Measure your nutmeg carefully

Nutmeg is used in recipes rich in spices and sugar. But it should be taken cautiously as it can induce hallucinations and a drug-like high

In these early days of the holiday season, as cooks begin sifting through recipes rich in spice and sugar, consider this small warning from toxicologists: Measure your nutmeg carefully.

Of all the well-loved seasonal spices, nutmeg stands out for its long and slightly twisted history. In the Middle Ages, it was used to end unwanted pregnancies. More recently, desperate prisoners embraced it as a rather miserable drug substitute. So, on occasion, have teenagers, some of whom wound up at poison control centres. A couple of years ago, a man in Sweden claimed that nutmeg had induced him to spit at strangers on the street.

“It’s not that nutmeg cases are that common,” said Leon Gussow, an Illinois toxicologist who publishes a blog for professionals called The Poison Review. “But toxicologists do recognise it as one of the more interesting spices in the kitchen.”

As Dr Gussow noted recently in Emergency Medicine News, awareness of the spice’s poisonous and exotic side effects has been around for some time. The spice trade first brought nutmeg to Europe in the 12th century, where it rapidly gained a reputation as a seed of unusual potency, strong enough to fight infection (including the Black Plague), stimulating enough to bring on menstruation, poisonous enough to induce an abortion. It also earned shady credentials for inducing a kind of hazy, druglike high that could include hallucinations.

The effect was potent enough that nutmeg mythology eventually became part of prison culture. In the 1965 book, “The Autobiography of Malcolm X,” the activist describes purchasing it from inmates in prison, concealed in matchboxes, and stirring it into water. “A penny matchbox full of nutmeg had the kick of three or four reefers,” he wrote.

Toxicologists say that description is somewhat misleading. It takes a fair amount of nutmeg — two tablespoons or more — before people start exhibiting symptoms. These can include an out-of-body sensation, but the most common are intense nausea, dizziness, extreme dry mouth, and a lingering slowdown of normal brain function. Dr Gussow said nutmeg experimenters have compared it to a two-day hangover.

“People have told me that it feels like you are encased in mud,” said Dr Edward Boyer, professor of emergency medicine and chief of the division of medical toxicology at the University of Massachusetts Medical School. “You’re not exactly comatose, but you feel really sluggish. And your remembrance of events during this time period is incomplete at best.”

The main chemical culprit in nutmeg is called myristicin which forms naturally in the seeds (and in other plants, occurring in trace amounts in carrots). Myristicin belongs to a family of compounds with psychoactive potential that occasionally are used to make much stronger psychotropic drugs. It has been included in recipes for MMDA. And it is chemically related to another compound, safrole, also found in nutmeg, which is sometimes used in the synthesis of the street drug Ecstasy.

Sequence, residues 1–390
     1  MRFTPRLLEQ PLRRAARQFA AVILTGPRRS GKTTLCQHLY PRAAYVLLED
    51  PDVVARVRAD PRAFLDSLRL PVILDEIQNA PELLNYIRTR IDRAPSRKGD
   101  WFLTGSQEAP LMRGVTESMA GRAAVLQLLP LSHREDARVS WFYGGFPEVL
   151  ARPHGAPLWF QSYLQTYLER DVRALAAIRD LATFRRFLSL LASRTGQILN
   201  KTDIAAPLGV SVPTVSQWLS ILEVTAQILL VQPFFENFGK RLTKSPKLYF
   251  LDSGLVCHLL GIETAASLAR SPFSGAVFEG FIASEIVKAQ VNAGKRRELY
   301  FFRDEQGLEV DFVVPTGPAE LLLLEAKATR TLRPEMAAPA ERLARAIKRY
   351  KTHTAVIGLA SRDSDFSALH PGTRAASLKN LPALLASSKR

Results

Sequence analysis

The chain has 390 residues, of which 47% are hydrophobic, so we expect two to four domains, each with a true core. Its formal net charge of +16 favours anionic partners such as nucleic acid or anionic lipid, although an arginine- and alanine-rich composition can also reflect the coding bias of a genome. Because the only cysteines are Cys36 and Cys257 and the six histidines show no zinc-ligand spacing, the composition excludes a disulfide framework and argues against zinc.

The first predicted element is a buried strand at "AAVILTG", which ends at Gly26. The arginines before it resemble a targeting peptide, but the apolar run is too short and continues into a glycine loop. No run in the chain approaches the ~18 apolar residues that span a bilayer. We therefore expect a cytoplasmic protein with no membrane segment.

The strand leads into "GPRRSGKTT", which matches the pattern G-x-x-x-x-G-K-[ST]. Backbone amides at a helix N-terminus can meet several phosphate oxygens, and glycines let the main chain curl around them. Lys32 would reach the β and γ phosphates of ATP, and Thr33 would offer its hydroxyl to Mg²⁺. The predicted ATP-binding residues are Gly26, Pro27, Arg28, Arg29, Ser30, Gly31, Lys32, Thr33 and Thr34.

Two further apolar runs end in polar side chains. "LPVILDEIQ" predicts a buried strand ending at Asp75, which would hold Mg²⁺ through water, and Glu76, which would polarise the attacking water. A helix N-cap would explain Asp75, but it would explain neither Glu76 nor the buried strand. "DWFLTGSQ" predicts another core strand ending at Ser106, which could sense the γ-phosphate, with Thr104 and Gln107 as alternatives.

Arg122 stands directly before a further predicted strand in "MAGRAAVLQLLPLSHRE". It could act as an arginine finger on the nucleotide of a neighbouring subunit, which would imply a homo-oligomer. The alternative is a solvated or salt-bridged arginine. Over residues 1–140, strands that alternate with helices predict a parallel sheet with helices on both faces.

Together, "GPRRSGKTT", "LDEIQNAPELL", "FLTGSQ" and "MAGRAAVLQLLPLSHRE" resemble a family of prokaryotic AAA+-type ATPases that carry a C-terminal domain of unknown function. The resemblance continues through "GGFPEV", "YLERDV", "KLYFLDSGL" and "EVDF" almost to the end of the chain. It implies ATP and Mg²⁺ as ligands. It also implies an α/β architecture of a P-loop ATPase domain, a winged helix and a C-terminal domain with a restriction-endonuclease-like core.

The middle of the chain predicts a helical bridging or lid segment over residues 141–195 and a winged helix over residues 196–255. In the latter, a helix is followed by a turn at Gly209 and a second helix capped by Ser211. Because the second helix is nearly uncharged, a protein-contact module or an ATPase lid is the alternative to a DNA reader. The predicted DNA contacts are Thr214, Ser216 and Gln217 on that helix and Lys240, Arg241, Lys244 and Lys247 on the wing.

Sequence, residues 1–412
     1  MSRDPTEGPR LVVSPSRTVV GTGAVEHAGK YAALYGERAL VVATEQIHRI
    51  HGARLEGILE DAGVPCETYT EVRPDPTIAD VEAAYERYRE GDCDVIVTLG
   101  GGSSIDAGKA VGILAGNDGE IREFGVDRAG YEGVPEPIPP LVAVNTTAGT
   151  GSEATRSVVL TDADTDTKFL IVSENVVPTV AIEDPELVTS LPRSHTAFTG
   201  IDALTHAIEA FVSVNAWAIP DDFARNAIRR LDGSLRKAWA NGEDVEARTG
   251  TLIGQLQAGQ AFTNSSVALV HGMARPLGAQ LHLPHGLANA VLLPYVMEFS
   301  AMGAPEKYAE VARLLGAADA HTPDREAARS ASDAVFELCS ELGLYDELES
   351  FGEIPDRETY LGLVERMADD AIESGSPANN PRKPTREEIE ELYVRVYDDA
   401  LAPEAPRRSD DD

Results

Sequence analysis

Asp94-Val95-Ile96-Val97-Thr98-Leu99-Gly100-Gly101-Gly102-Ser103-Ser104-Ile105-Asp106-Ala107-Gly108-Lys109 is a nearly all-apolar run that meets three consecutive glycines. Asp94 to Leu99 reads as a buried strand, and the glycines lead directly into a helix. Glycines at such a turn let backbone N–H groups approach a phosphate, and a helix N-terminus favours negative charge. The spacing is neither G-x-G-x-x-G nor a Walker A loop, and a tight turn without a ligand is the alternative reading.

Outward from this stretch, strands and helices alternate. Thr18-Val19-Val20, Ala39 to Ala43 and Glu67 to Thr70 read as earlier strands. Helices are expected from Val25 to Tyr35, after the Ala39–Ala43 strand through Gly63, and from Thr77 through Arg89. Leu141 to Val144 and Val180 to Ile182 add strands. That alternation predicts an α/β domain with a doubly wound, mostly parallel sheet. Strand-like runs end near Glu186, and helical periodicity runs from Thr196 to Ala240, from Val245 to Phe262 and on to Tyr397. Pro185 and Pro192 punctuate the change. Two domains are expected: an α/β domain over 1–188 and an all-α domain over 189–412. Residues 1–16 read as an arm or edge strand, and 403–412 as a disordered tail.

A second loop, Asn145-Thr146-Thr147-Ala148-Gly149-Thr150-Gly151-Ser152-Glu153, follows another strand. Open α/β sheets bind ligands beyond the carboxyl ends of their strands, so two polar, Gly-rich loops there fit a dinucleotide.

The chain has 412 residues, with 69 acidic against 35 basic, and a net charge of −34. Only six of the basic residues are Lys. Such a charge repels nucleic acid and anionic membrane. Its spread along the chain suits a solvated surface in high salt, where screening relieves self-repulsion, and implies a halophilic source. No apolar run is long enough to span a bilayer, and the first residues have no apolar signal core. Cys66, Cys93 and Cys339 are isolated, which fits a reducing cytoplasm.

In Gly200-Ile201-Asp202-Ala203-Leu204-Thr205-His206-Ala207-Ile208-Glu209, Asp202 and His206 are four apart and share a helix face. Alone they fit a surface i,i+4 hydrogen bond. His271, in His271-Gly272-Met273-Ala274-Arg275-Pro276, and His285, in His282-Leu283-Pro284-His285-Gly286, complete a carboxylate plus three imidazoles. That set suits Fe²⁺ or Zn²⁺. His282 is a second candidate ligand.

Nutmeg incidents are rare — at least, those reported to the authorities. “We do see a few paediatric cases where parents left an open spice jar where a child could reach it,” said Dr Patrick Lank, an assistant professor of emergency medicine at the Feinberg School of Medicine at Northwestern University.

The rarity of the cases means that even though nutmeg information is available online, there is enough information about the negative effects that most people appear to avoid it anyway. “It’s clear that the stories on the Internet have not led to large numbers of nutmeg abusers turning up in emergency rooms,” Dr Boyer noted.

The usual holiday samplings of nutmeg — the dusting on eggnog or a cocktail, the quarter-teaspoon sprinkle that goes into a pie or cake — is not a risk to revelers. In those doses, the woodsy, sweet flavour should simply be enjoyed.

Potent spice

Nutmeg is the seed of an evergreen tree, Myristica fragrans, native to Indonesia. The spice mace comes from a thin protective layer that encloses that seed.

It was known to be strong enough to fight infection, stimulating enough to bring on menstruation, poisonous enough to induce an abortion. It also earned shady credentials for inducing a kind of hazy, druglike high that could include hallucinations.

Toxicologists say it takes two tablespoons or more before people start exhibiting the symptoms — an out-of-body sensation. But the most common are intense nausea, dizziness, extreme dry mouth, and a lingering slowdown of normal brain function.

The Chemical culprit in nutmeg is called myristicin. It belongs to a family of compounds with psychoactive potential that are used to make much stronger psychotropic drugs. It has been included in recipes for MMDA. It is chemically related to another compound, safrole, also found in nutmeg, sometimes used in synthesis of Ecstasy.

Deborah Blum

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